Selecting an Appropriate Infant-Toddler Assessment
Assessment is an important aspect of any early childhood environment. It is intertwined with a program's curriculum and serves as a marker for making decisions about curriculum and program choices. Assessing infants and toddlers helps early childhood professionals learn about and understand each individual child, track each child's development, and arrange early intervention strategies for any red flags or potential concerns. Screening and assessment ultimately provides the insight needed to create individualized instruction plans that address children's needs and interests while helping them learn and grow. Assessing infants and toddlers can be difficult, however.
Infants and toddlers may have a limited small attention span. Additionally, a variety of factors (illness, fatigue, etc.) can affect how they behave and how well they perform tasks. "The younger a child, the more likely he or she is to fall asleep, become distressed, refuse to comply with directions, or be distracted from assessment activities. Professionals should be prepared to modify activities, explore alternative procedures, and/or reschedule rather than risk gathering faulty information that compromises assessment results," the authors of A Guide to Assessment in Early Childhood explain.
Selecting the best infant-toddler assessment tools for your program and the children in your care can help make the assessment process easier. The National Association for the Education of Young Children (NAEYC) has defined a number of guidelines for assessment tools and strategies that you can use to select an appropriate infant-toddler assessment:
- Screening and assessment materials should be developmentally appropriate and created specifically for the age group in your care.
- Assessment should utilize a variety of tools and processes, including children's representative work (artwork, stories they write, etc.), observation records, and progress summaries.
- Assessment should be inclusive and recognize diversity in children's backgrounds, learning styles, and rates of learning.
- Assessment tools should support children's development and learning; assessment should not make them feel bad about themselves. A focus on what a child can do independently and with assistance is the best marker of his or her growth and development.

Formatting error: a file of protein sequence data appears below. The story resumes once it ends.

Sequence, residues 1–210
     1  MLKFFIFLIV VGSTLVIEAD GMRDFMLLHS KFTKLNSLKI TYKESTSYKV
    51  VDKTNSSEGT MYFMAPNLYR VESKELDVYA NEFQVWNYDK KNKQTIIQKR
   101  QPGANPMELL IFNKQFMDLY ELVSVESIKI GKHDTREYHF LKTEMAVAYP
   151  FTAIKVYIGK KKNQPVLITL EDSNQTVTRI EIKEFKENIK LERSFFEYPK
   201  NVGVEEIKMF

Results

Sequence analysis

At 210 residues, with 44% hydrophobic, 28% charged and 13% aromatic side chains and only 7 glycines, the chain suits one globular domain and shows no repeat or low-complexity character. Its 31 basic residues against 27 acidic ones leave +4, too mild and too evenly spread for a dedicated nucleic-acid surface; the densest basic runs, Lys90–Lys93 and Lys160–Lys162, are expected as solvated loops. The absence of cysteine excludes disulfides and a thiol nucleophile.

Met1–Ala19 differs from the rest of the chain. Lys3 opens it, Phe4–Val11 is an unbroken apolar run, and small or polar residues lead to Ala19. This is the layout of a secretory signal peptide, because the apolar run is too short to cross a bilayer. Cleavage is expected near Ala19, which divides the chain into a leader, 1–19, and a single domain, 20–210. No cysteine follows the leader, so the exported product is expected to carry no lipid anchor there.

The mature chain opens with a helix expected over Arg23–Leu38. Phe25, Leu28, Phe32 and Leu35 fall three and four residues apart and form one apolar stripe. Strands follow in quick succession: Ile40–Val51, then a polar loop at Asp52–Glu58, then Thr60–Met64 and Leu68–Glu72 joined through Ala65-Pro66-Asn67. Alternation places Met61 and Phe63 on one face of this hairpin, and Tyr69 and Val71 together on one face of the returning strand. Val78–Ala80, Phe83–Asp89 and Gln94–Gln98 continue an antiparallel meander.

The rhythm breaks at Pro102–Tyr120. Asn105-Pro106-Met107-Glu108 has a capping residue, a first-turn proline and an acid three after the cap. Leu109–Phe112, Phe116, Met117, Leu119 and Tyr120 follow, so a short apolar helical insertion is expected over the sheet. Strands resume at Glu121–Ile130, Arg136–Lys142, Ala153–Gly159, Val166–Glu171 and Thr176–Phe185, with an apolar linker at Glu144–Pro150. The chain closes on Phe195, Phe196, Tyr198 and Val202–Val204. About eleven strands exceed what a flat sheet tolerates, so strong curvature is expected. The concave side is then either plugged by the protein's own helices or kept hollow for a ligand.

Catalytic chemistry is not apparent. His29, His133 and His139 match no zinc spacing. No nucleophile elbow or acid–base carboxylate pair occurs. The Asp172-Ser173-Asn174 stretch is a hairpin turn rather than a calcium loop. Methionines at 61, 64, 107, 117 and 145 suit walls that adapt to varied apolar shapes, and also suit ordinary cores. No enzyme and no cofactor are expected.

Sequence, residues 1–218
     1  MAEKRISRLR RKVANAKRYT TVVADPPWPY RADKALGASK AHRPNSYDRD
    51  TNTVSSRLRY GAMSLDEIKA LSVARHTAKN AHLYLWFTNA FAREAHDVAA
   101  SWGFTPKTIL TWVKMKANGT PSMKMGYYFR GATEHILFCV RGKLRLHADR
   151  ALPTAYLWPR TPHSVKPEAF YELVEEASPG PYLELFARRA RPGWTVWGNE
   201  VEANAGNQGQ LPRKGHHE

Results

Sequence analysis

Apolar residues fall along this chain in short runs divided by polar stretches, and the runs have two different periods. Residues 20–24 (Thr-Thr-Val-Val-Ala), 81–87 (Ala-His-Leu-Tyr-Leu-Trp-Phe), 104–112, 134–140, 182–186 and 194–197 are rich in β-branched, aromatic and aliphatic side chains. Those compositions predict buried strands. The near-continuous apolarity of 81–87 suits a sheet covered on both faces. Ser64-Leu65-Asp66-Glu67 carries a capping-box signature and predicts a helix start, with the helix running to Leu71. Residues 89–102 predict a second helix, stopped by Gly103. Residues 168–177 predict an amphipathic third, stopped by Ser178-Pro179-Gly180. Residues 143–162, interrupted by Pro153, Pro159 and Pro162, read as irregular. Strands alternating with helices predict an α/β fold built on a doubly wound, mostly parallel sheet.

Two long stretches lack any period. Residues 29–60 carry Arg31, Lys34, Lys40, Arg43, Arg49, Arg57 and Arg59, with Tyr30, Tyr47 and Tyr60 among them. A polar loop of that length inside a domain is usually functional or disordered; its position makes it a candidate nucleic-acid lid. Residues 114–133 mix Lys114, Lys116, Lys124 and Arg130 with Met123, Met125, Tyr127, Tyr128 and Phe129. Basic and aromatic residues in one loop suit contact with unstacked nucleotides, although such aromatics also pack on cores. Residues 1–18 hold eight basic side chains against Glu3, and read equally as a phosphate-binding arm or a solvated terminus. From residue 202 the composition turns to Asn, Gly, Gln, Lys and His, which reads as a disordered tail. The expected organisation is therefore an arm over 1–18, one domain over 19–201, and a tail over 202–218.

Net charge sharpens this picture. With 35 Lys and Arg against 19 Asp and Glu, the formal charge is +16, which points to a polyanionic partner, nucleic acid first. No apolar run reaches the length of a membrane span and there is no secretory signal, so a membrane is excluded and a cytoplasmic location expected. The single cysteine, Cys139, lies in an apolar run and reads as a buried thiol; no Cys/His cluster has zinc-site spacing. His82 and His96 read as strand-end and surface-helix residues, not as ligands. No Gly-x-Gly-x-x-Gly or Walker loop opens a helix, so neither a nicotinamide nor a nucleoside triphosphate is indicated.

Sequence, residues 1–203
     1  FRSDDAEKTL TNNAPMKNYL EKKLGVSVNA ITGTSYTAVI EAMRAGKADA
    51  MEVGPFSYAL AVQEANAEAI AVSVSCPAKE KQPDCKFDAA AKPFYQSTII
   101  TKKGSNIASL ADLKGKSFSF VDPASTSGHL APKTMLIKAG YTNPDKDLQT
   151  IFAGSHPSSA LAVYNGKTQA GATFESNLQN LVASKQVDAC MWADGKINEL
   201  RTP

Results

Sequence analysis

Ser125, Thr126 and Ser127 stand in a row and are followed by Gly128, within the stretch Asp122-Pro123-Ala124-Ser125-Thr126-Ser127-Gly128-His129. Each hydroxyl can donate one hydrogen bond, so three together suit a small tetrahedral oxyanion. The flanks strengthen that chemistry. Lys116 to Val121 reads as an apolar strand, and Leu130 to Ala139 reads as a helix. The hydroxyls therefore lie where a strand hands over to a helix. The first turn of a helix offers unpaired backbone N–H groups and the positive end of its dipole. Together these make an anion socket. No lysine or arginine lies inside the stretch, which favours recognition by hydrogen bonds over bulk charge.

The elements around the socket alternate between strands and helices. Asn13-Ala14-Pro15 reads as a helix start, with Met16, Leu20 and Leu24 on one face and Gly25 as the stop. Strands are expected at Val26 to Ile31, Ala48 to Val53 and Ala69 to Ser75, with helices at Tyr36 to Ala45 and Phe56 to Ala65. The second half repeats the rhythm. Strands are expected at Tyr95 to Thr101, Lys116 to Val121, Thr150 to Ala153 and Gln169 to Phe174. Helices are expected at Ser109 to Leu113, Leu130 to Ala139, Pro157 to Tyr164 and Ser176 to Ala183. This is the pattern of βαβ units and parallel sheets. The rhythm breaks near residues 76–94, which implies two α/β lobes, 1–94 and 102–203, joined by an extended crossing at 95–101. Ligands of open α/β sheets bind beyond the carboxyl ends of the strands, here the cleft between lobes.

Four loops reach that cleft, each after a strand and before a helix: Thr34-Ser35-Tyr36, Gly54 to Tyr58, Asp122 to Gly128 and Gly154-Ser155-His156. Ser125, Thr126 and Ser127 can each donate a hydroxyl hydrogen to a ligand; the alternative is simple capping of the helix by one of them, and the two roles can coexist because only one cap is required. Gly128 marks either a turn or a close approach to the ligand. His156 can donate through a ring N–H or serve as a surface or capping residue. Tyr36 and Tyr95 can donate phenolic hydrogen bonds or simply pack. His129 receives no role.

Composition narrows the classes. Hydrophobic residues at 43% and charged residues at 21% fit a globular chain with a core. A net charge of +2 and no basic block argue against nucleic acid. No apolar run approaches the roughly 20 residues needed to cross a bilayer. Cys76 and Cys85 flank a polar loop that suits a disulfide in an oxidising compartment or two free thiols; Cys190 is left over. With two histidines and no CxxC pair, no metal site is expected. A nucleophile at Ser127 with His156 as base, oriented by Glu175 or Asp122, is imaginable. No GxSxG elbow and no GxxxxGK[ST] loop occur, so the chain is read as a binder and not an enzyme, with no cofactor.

- Assessment should rely on procedures that occur during real activities and classroom experiences instead of putting the focus specifically on skills testing.
- Regular and periodic assessment should occur in a wide variety of circumstances with information about children's growth, development, and learning being systematically collected and recorded.
- Teachers should be the primary assessor, but assessment should also promote parent involvement and encourage children to participate in self-evaluation.
- Assessment should encourage parent-teacher collaboration with information about children's growth, development, and performance being shared regularly by both parties.
For more information about selecting an appropriate infant-toddler assessment, browse the article sources and additional resources we listed below. You can also contact your local Kaplan representative for additional assistance.
A Guide to Assessment in Early Childhood: Infancy to Age Eight. Washington State Office of Superintendent of Public Instruction, 2008.
Bredekamp, S. & Rosegrant, T. (Eds.). (1992). Reaching potentials: Appropriate curriculum and assessment for young children, Vol 1. Washington, DC: National Association for the Education of Young Children.